This one is fairly quick but might not be an option available to all. While the keys used are nothing special, the shortcut requires a numeric keypad. Without a numeric keypad, this shortcut will not apply.

The keyboard shortcut to add a square root symbol with a numeric keypad is:

**Alt + 2 + 5 + 1**

Hold down the **Alt** key while pressing the **2**, **5**, and **1** keys in succession. A square root symbol will be added right away:

**Note:** Even if with a numeric keypad the keyboard shortcut doesn’t work, you may need to check the keyboard language and set it to English (United States).

## Method #5 – Using Custom Number Format

By using a custom number format, a square root symbol can be inserted in Excel. Produce the square root by one of the methods in this tutorial, add it to the formatting code and the numbers will be formatted with a square root symbol! It’s totally easy and we can prove it with the detailed steps ahead:

For comparison’s sake, we will not overwrite the original data and have copy-pasted it to the target column.

- Select the target cells where the square root symbol needs to be added.
- Right-click the selection and click on the
*Format Cells*option in the context menu to open the*Format Cells*dialog box. - Or use the keyboard shortcut by pressing the
**Ctrl + 1**keys. - In the
*Number*tab, the format of the selected cells is shown i.e.*General* - Select the last format in the
*Category*list i.e.*Custom* - Now add the square root symbol in the
*Type*field preceding “General” so that the formatting code will be √General - If you have a numeric keypad, the speediest way would be to use the
**Alt + 2 + 5 + 1**keys to add the symbol right here. - The sample of this code will be shown in the
*Sample*field. - Click on the
*OK*button to close the dialog box and apply the format.

With the mentioned steps, the square root symbol will appear in the selected cells:

**Notes:**

Applying a format will not change the actual value of the cell; only the way the value is displayed will alter. This is evident from the *Formula Bar* above; the selected cell only displays the number in the *Formula Bar* while on the active sheet, a square root symbol can be seen.

This method is most useful to maintain the format of the number. With a square root symbol, the format of the cell, as mentioned earlier, changes to text. This means that the number added with the square root symbol cannot make part of a calculation or number functions. Using a custom number format will keep the cell in a number format.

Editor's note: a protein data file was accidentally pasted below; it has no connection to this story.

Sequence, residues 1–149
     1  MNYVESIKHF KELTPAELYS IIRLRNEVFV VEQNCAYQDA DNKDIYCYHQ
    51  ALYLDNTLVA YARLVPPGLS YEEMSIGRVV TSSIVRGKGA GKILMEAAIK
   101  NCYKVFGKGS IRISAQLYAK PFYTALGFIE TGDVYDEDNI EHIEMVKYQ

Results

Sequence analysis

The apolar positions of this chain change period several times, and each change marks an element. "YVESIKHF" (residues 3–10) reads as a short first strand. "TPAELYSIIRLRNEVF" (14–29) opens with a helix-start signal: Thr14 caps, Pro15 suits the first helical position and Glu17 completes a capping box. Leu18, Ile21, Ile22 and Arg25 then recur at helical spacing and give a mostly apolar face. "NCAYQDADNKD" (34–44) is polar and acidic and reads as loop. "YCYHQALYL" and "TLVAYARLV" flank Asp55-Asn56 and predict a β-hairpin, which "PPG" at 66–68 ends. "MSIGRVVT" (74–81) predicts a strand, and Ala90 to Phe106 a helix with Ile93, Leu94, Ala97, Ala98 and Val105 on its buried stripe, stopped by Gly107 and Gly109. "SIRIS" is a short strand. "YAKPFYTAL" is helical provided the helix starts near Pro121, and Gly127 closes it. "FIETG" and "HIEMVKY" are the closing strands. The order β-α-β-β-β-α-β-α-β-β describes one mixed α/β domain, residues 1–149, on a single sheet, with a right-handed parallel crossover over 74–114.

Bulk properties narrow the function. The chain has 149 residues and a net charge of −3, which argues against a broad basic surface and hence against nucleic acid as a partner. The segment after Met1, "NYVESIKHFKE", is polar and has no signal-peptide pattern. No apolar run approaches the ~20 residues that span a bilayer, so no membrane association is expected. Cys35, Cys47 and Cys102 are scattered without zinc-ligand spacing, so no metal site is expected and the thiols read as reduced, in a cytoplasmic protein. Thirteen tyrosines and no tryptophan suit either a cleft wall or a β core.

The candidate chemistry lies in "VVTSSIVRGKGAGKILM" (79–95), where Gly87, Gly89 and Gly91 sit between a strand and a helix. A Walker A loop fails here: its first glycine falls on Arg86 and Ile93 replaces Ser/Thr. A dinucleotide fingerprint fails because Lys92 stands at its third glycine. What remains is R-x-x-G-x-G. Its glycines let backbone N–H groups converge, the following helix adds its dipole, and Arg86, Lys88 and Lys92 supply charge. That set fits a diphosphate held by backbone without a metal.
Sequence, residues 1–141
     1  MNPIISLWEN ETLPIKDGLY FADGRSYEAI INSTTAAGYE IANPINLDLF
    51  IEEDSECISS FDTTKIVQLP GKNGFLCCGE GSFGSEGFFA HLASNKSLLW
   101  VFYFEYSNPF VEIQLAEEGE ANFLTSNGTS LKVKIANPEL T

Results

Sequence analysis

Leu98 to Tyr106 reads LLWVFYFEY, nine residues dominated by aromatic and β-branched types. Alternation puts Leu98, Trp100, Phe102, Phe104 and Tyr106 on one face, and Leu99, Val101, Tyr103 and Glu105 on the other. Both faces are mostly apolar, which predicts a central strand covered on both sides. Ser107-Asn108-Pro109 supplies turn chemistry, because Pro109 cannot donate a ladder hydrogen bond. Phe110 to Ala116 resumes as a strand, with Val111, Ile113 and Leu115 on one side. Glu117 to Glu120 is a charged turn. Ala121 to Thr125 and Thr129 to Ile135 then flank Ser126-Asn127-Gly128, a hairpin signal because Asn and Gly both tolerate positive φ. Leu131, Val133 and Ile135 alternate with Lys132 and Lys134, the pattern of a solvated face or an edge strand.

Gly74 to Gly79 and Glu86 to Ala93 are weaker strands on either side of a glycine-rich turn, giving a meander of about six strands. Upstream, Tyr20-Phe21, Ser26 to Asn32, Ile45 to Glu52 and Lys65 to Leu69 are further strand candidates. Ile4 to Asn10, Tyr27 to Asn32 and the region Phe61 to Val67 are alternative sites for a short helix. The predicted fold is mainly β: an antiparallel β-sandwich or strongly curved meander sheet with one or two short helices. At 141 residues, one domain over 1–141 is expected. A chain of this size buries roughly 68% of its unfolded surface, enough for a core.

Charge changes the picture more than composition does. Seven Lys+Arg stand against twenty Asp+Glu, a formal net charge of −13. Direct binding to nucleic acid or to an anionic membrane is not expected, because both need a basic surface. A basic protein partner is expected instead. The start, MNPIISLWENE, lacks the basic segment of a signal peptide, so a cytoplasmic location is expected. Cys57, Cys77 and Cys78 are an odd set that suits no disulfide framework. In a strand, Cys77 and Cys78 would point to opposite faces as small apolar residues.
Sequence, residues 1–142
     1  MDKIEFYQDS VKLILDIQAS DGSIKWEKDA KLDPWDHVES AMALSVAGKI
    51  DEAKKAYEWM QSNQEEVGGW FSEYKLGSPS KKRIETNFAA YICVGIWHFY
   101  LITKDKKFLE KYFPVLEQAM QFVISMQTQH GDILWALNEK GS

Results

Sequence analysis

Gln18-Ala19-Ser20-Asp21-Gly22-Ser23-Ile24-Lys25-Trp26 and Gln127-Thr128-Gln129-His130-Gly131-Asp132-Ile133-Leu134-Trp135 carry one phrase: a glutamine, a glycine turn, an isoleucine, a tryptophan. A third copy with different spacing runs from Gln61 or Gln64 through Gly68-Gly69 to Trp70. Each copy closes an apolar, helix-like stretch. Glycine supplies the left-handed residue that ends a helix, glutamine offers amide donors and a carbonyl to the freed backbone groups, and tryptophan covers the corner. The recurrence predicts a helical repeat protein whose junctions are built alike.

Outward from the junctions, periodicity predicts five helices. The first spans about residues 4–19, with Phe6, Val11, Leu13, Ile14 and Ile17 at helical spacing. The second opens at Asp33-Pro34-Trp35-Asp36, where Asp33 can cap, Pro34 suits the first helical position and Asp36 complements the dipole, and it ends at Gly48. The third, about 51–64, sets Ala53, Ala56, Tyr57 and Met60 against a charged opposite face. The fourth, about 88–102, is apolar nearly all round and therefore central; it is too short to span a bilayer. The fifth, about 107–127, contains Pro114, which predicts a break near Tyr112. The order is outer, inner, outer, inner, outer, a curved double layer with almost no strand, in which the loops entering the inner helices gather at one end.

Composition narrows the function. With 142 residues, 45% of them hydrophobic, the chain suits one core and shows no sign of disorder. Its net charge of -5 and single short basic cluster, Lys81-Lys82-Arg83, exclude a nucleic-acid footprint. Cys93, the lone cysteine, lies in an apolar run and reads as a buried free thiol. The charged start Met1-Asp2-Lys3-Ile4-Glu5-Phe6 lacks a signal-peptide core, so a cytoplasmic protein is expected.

## Method #6 – Using Excel VBA

With *VBA*, the square root symbol can be inserted as an automated task in Excel. *VBA* is an MS Office programming language used for automating operations so that they are easily workable for repetitive usage. A macro will be created for inserting square root symbols with a particular code and then it’s just a matter of applying the macro. Go through the steps we have outlined; you’ll see how simple it really is.

- Select the cells with the numbers.
- If you have the
*Developer*tab added to the*Ribbon*, go to the*Developer*tab >*Code*group >*Visual Basic*If not, you can use the**Alt + F11**keys. Either way, you will have access to the*VB editor*. - Here’s the
*VB editor*: - Click on
*Insert*on the toolbar and select*Module*from the context menu. - This will give you access to a
*Module*window. - The code below will create the macro for inserting a square root symbol. Copy and paste it to the
*Module* Sub SquareRootSymbol()

Selection.NumberFormat = ChrW(8730) & "General"

End Sub- This code will add a square root symbol to the selected cells by changing the number format of the cells. Along with the
*General*number format, the symbol will precede by entering the char code 8730. - Run the code by clicking on the
*Run Sub*button or by pressing the**F5** - Click on the
*Run*button when the*Macros*pop-up window appears. - The square root symbol will be added to the cells in selection on the worksheet as can be seen in the background:
- Close the
*VB editor*to return to the active worksheet.

**Note:** Looking at the *Formula Bar*, we can gather from the selected cell that the square root symbol has been added only as a format and is not present in the cell value.

Now that you’ve mastered adding square root symbols in Excel, we think that’ll be it for today. It’s a given that Excel won’t have everything one-click ready but with the right Excel tricks, you can make anything a few clicks or keystrokes away.

Next time you’re putting off a task, find the right work-around and get it done and dusted! We’re loaded to uproot another Excel weed. See you on the greener side!